>Is this why the system described suffered from scalability problems possibly ??

We never planned on scaling that particular system and I don't believe that
it would scale. In fact, to have scalability, you have to give up some
consistency somewhere, and Anim maintains consistency between the worlds.

>I have been wondering how much of "not seeing the same thing" (or rather. not
>seeing the same thing at the same time -- more accurate) is acceptable. This
>in some sences a **really** dumb question, but one with a lot of relevance
>you start thinking about how to deal with synching replicated rendering
>databases over a laggy net; and scalability while preserving interaction. It
>goes to the heart of the problems of replicating and synching world-dbs over a
>number of machines, and how this relates to interactivity. Or lack of it ..

Do you always see the same thing as the person sitting next to you? How
about the person 3 offices away? We discussed this a lot when designing
the new system.

>Did whatever scheme anim implemented for distribution of the rendering db
>provide reasonable performance for the "new" version; or have you replaced it
>with another rendering database distribution scheme ? If so, could you detail
>what you are doing in this respect .. ? And any opinions you/the MERL group in
>general have in this regard .. ?

We don't own Anim and never will and we have never seen the source or the
data format. We started from scratch with much different objectives than
BDI. More details to come (please let us make sure it works well first!)

I guess "our" "opinion" is that in a large simulated environment, with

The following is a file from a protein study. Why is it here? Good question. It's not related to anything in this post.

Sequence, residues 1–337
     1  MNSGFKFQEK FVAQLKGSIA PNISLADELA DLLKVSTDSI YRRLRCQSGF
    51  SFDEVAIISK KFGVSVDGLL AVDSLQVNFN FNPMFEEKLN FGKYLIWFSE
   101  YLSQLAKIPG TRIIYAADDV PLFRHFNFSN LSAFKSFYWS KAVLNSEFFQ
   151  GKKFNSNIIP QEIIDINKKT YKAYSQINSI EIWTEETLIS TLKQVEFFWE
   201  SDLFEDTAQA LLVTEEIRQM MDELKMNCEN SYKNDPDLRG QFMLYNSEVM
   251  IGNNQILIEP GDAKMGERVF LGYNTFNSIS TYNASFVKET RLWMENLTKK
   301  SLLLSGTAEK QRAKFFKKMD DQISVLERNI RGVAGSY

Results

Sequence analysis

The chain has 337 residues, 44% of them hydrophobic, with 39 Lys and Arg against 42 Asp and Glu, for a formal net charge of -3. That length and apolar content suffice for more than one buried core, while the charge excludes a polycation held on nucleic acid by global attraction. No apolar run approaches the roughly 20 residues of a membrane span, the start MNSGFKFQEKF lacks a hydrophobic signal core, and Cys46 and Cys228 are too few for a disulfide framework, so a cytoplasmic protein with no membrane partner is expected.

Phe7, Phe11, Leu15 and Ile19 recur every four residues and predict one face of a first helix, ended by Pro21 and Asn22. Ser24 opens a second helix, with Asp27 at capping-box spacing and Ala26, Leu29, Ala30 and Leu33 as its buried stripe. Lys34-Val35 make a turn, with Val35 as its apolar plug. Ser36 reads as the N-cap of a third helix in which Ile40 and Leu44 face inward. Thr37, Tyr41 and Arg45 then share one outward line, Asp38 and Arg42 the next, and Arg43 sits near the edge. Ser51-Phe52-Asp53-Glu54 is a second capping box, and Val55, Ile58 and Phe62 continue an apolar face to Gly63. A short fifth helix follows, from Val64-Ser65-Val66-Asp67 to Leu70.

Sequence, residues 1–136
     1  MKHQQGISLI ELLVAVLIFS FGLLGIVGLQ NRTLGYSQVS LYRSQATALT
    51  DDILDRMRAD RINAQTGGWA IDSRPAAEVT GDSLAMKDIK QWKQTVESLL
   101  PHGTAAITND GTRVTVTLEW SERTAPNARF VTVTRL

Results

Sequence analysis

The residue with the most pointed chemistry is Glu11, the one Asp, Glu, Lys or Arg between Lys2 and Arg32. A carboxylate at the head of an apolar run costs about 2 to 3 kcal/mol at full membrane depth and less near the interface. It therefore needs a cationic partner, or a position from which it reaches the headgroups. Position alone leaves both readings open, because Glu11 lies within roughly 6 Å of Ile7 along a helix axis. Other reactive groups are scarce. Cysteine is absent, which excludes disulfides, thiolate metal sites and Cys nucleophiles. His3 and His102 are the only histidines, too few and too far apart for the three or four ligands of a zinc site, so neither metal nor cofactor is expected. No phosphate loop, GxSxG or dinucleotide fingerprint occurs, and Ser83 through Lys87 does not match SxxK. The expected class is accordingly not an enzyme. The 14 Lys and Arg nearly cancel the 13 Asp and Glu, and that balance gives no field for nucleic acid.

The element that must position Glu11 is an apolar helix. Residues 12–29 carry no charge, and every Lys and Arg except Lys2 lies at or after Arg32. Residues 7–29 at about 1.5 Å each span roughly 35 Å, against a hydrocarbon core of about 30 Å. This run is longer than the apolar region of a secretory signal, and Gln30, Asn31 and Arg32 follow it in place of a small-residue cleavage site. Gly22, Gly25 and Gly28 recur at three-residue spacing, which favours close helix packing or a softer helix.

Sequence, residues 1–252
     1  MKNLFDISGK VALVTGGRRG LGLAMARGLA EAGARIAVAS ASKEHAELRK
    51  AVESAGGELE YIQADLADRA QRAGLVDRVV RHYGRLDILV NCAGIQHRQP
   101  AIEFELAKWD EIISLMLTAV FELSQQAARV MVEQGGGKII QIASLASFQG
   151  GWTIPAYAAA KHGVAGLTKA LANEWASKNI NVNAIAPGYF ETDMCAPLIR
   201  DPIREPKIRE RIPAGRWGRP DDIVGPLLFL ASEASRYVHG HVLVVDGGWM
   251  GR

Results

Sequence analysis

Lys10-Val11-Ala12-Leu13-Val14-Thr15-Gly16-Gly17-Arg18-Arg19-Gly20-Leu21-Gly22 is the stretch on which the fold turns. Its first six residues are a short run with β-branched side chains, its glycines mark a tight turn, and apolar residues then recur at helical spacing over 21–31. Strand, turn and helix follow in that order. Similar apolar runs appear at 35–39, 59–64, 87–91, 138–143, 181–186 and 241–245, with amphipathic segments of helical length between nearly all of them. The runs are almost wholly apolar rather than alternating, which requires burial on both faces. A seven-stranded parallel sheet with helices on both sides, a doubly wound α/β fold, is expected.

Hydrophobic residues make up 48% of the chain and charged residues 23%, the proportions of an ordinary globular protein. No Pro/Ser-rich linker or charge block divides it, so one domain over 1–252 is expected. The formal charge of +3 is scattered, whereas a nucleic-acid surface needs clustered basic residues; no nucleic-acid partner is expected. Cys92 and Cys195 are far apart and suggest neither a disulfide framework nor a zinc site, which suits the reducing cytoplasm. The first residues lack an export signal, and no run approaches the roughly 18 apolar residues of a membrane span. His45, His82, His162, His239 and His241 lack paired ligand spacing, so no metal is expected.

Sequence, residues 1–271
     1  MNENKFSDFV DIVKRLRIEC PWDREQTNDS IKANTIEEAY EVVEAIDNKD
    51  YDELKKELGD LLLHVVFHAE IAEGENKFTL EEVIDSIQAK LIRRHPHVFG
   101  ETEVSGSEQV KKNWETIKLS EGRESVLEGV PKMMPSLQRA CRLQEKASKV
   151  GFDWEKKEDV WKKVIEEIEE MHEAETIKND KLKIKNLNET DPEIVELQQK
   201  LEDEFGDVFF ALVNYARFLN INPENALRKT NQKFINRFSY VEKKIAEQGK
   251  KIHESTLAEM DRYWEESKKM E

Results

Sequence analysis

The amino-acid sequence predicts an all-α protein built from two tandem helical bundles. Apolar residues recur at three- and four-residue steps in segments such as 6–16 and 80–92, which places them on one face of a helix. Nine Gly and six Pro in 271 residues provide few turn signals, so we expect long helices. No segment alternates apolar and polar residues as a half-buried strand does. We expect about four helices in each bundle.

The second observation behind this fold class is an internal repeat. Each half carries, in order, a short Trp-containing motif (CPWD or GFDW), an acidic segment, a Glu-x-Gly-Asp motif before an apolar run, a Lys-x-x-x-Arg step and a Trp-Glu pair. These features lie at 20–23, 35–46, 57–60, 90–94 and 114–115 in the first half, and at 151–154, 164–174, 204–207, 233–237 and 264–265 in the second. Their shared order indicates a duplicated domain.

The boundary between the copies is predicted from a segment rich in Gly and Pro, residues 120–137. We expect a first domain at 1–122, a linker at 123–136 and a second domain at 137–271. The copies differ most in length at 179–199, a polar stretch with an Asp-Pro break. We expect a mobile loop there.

limited bandwidth, forcing consistency in a large number of replicated
databases would bring the network and the simulation to it's knees. So, we
only pay attention to the parts of the world model that we are interested
in - for instance, things that are close, virtually. We've done away with
point-to-point connections. In that way we are much like DIS.

Here are some pointers to replicated database systems:

I believe that CMU is the source of ISIS - a replicated database that is
used in Distributed Interactive Virtual Environment (from SICS in Sweden).
The DIVE folks gave some presentations at VRAIS '93 and their names and
contact information are: Stephen Travis Pope ( and Lennart E.
Fahlen ( There is plenty of ftp-able information about DIVE
and how it works. I think I heard that up to 4 people can be in their
environment at once, but then it gets too slow. I may be wrong, so if
someone has better information, please correct me.

Also, Division, Ltd. (UK) has a VR system that uses a replicated
(guaranteed consistent) database. They also say that about 4 people can be
in it at once.

Division Incorporated Division, Ltd.
Suite 101 19 Apex Court
400 Seaport Court Woodlands
Redwood City, CA 94063 Almondsbury
(415) 364-6067 Bristol, BS12 4JT UK
(+44) 454-615554

John B.


John Barrus Research Scientist

Mitsubishi Electric Research Laboratories, Inc. voice 1.617.621.7535
201 Broadway fax 1.617.621.7550
Cambridge, MA 02139